Tuesday 16 July 2019

Yes, kids can be cruel, but that doesn't make childhood bullying acceptable

Elayna keller of Our Ladys College Drogheda who was named overall winner of the NNI Press Pass Awards at the National Convention Centre, Dublin
Elayna keller of Our Ladys College Drogheda who was named overall winner of the NNI Press Pass Awards at the National Convention Centre, Dublin
Bullying is not acceptable, even if kids can be cruel. Photo: Getty Images.

Elayna Keller

People say that kids don't know any better. People say that kids say things they don't mean to say and that if you're telling on them, you're basically telling tales or being a rat, or whatever you may call it.

So what if they're nine years old? They're not stupid. They know exactly what they're doing or at least have some awareness and, to this day, the things that some kids say really hurt. Statistically, 40pc of nine-year-olds were victims of bullying in the last year, according to the Irish Society for the Protection of Cruelty to Children.

When things are said to you, no matter what time of day it is, no matter how old you are, no matter where you are, no matter how long ago it was, no matter how drunk someone is, no matter if you know the person or not – it hurts. And it sticks. And it's imprinted there forever.

There was once a boy who ran home crying because another boy threatened to beat him up at school the next day. I remember him. He bawled his eyes out as soon as he was out of sight, and sprinted, feet pounding against the pavement, all the way home. I've talked to him recently. He still remembers. He still can't forget. He was never beaten up by the boy, but the remembrance of the fear was a punch to the chest in itself.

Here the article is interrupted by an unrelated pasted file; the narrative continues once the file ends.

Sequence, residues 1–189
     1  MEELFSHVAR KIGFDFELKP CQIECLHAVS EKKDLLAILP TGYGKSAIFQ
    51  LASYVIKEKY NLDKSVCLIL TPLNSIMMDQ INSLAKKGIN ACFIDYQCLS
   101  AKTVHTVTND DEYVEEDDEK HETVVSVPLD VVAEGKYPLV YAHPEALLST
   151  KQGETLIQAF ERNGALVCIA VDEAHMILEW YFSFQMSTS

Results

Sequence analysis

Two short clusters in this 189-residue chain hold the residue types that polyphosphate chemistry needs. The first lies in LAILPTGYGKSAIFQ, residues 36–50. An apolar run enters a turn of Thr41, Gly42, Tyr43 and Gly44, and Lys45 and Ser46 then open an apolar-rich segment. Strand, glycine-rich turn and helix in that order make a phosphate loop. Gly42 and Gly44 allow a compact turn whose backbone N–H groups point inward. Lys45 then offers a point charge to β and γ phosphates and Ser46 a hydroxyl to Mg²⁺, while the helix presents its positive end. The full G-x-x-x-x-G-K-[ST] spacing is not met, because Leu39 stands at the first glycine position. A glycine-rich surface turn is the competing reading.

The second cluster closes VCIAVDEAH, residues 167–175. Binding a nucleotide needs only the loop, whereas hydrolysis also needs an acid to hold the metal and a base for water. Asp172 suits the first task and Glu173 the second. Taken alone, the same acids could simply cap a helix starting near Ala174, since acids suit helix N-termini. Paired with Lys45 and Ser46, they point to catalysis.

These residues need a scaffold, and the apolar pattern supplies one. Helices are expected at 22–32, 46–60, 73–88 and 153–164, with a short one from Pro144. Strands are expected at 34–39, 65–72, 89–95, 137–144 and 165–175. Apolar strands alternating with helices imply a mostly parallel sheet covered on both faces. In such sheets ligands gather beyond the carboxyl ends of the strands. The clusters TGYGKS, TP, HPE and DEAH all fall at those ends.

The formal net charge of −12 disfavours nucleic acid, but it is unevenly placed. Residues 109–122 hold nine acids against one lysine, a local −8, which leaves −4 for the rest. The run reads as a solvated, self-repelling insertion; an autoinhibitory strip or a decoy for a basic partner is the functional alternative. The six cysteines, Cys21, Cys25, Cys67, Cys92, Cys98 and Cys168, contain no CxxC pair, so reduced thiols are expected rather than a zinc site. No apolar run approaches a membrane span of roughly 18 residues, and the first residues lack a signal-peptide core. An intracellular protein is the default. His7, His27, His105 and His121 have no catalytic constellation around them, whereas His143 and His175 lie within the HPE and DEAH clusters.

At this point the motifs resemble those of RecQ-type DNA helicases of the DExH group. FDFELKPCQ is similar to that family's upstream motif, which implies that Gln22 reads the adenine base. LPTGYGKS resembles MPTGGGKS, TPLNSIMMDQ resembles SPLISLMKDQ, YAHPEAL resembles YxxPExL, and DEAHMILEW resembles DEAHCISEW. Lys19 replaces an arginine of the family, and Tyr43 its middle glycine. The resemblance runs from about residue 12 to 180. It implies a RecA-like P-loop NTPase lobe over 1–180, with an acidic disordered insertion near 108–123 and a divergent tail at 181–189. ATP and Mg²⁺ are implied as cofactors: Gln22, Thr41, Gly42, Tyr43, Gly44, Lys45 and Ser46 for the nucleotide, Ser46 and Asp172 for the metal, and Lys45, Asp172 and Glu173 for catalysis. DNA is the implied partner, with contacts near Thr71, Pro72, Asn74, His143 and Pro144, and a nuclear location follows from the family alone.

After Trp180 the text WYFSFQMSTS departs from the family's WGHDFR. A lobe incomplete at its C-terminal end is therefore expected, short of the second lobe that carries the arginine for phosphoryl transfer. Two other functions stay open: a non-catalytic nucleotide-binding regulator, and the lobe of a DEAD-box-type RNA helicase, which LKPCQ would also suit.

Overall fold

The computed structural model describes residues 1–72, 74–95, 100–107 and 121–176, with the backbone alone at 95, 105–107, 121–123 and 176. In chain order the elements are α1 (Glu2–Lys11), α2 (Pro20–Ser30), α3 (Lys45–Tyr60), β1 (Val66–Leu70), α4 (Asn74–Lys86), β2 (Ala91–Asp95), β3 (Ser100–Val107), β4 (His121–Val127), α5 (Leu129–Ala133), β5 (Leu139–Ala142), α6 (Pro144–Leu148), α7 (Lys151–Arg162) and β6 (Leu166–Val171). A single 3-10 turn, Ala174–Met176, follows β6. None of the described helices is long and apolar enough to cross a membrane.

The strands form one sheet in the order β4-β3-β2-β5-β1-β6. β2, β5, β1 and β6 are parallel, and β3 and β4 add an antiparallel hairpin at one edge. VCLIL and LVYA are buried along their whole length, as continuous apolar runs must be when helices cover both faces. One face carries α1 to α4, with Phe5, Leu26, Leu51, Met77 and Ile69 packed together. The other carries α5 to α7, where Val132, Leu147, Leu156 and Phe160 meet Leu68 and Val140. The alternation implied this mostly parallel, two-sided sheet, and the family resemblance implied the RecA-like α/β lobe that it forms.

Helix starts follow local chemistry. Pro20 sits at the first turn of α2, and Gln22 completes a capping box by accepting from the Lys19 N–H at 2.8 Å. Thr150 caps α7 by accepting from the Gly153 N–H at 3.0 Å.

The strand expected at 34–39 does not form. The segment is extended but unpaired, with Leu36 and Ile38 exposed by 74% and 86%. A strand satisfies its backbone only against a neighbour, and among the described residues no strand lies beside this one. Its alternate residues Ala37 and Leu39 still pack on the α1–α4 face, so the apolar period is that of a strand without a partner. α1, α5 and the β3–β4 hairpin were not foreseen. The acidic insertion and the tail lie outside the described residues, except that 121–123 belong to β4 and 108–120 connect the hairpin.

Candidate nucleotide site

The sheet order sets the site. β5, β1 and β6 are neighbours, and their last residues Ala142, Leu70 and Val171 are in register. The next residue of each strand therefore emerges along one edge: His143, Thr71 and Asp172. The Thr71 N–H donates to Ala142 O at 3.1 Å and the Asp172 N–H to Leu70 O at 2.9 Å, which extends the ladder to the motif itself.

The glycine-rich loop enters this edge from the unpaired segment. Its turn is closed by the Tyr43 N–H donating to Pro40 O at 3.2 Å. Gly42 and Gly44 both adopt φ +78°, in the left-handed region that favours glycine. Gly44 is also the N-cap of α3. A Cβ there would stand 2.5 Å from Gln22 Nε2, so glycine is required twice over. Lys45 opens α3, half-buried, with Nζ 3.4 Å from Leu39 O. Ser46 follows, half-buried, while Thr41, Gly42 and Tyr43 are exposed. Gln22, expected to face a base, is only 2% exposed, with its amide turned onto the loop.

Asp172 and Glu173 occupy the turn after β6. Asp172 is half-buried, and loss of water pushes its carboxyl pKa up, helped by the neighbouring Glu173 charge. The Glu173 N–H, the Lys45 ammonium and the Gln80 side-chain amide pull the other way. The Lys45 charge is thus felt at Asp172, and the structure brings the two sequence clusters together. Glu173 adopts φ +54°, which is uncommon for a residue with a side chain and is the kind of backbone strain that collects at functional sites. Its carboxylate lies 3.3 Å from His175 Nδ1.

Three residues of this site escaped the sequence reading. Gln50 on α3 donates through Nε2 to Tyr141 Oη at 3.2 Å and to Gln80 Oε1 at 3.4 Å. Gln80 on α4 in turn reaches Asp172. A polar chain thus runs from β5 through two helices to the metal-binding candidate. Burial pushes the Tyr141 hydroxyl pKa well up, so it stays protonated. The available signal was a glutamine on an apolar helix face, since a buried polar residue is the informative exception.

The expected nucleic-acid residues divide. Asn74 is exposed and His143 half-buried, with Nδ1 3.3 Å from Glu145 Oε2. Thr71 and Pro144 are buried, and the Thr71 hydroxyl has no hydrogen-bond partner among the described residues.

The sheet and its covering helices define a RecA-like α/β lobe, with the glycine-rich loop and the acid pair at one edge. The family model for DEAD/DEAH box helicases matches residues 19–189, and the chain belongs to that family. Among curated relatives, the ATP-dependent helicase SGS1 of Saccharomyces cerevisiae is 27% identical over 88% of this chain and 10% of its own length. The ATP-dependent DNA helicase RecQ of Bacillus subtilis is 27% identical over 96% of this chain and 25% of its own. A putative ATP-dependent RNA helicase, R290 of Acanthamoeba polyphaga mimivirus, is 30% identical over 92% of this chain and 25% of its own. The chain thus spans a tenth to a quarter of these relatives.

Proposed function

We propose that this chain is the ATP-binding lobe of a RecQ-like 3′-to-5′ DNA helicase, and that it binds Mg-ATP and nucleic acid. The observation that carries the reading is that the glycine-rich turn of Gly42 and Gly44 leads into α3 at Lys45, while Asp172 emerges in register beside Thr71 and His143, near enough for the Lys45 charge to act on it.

People say that kids can be cruel. That's right, they can be ... but I don't think that people should dare to say such a thing so bluntly and easily.

It's disgraceful to think that because kids are kids, they'll say these things and then they move on. It's not like that. What makes childhood bullying any different to secondary school bullying? Or bullying in a work environment? What makes it less painful, the fact that it happened a long time ago? The fact that it's over and done with? The fact that you're not in contact with those people any more?

I don't think it's very fair to categorise childhood bullying as minor, like some people do. Do you?

I kept journals as a child. I wrote as often as I could, I drew pictures, I wrote about my day. Now that I look back in them, as time went on, I saw the entries get shorter and the pictures become more graphic. I was begging for help.

"Kids can be cruel" as they say. They can. So don't take it so lightly. Don't say: "It wasn't even that bad" or "It happened ages ago, she's/he's just being ridiculous now". If you notice constant cruelty or see a primary school student upset, notify someone about it. Talk to the student. Even if they don't accept that kind of help, at least you tried to make that person happy again. I know I would've loved that.

Don't neglect a child because of a stupid old saying, because God only knows what childhood bullying might do to someone in the future.

Elayna Keller, a transition-year student at Our Lady's College, Drogheda, Co Louth won the National Newspapers of Ireland Press Pass Competition, sponsored by the Irish League of Credit Unions, for this journalistic work. Her entry is a first-hand account of being a target of bullies. This is an edited extract.

Irish Independent

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